4 Reasons Not to Add Social Networking to Your Site
Editor’s Note: This article originally appeared in the Oct. 2 issue of FS sister publication eM+C’s weekly e-letter, eM+C Weekly. To subscribe, click here.
Social networking sites have become virtual “town halls” for people to aggregate, communicate and share ideas with one another. These sites are also growing in numbers. Wikipedia says there are 111 recognized SN sites such as MySpace, orkut, Facebook, hi5 and Blogger. Mashable, the influential social media blog, acknowledges more than 350 sites. Many have been extremely successful in attracting membership and raising venture capital, and even sold for millions to billions of dollars.
SN sites are a key ingredient to search engine optimization, as well as gaining and retaining Web site memberships. However, social networking is not for every marketer or Web site. Here are four reasons it may not be a good idea to add social networking features to your site:
1. Social networking isn’t the core purpose of your site. Are you building a site solely for the purpose of enrolling members for a specific community interest? If not, be careful. There are more than 350 sites competing with you for eyeballs. Thus, be prepared for an uphill battle to grow your membership. If you are not fully committed to this route in both design and marketing, try to think of another way to differentiate your site from your competition.
2. You don’t have the time and ability to moderate. If you do, blog away. The more relevant content you have on your site with appropriate keywords, the better your overall SEO. However, many Web site owners want all the Web 2.0 bells and whistles but don’t want to spend the time ensuring the content on their sites is relevant or appropriate. Once you’ve planted this digital garden, you have to feed it and weed it.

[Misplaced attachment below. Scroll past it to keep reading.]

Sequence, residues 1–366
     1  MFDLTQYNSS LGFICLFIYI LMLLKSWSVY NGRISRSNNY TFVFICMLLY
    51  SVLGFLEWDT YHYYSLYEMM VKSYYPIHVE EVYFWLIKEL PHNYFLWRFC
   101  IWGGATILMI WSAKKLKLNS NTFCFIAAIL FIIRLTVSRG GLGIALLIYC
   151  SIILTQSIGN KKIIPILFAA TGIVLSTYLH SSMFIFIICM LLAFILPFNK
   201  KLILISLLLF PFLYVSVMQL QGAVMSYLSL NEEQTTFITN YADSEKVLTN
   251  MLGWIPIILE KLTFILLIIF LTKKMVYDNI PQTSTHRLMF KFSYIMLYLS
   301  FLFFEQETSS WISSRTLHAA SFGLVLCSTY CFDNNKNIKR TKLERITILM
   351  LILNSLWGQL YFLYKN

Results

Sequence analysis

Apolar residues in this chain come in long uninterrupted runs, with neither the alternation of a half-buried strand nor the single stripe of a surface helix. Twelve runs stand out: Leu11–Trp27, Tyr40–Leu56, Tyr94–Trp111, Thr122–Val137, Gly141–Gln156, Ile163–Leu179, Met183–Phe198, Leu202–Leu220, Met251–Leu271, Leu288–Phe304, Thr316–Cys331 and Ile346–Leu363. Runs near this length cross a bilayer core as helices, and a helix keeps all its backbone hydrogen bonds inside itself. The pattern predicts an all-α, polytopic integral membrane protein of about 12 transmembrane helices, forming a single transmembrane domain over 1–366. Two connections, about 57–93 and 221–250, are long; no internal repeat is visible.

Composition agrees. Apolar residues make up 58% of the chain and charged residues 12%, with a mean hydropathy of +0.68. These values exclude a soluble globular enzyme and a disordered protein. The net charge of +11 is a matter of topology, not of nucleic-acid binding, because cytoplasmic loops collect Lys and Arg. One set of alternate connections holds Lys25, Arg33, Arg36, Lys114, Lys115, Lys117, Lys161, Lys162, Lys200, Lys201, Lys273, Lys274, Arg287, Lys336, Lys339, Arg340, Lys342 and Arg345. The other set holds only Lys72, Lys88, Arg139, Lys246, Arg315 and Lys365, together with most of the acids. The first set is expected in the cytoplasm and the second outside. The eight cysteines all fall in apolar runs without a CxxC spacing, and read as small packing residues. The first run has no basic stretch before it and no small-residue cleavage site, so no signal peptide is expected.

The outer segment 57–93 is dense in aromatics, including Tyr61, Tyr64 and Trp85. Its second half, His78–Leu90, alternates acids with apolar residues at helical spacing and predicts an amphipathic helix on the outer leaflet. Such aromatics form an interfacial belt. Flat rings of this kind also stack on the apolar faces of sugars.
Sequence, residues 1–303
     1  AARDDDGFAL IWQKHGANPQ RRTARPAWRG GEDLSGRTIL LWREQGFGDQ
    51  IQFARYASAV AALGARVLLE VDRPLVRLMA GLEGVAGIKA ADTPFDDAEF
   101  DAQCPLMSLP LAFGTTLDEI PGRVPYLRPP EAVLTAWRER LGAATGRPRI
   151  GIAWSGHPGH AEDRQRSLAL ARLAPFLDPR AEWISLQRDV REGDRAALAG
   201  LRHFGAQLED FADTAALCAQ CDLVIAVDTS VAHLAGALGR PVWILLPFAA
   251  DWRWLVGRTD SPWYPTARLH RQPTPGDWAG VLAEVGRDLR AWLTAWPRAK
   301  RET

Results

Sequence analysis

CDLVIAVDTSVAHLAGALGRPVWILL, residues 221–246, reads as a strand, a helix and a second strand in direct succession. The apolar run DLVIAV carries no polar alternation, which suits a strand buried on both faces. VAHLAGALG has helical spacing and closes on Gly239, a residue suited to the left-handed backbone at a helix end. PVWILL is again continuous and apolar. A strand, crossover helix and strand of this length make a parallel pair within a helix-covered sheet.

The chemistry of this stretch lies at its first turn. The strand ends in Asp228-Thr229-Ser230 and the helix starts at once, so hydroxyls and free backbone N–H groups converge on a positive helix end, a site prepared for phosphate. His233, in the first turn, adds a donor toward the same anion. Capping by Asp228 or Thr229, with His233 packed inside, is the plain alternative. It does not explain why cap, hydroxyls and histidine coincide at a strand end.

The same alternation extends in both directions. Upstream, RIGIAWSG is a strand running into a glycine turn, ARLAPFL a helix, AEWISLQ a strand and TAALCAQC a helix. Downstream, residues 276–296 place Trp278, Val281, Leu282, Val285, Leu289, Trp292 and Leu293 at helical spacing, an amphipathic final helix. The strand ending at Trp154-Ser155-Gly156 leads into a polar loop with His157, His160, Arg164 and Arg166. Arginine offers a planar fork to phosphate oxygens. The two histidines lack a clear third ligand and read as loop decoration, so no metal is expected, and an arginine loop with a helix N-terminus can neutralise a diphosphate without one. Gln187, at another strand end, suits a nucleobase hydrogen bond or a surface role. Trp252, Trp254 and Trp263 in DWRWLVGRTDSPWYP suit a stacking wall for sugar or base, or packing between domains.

3. Your customers are already members of social networking sites. Think about the customers who are coming to your site. Are they already social networking site members? If so, try a different marketing approach to reach them — such as interactive gaming — which may be a better fit than creating profiles, chat rooms or instant messaging, any of which members of social networking sites already receive as members of these types of sites.
4. It’s easier — and potentially more lucrative — to integrate with existing SN sites. Let’s say you’re trying to get the attention of the 18- to 30-year-old market. Why not create clever, original content that users will want to share with their friends on MySpace, YouTube or Facebook?
With combined memberships into the hundreds of millions, this may be a better awareness generator than creating your own SN site from scratch. When you make it easy for users to add your content to their current SNS pages of choice, they automatically share it with their friends.
Les Kollegian is founder of and creative director for the Jacob Tyler Creative Group, a San Diego-based design firm specializing in Web design and development, product design, and online marketing. Reach Les at email@example.com.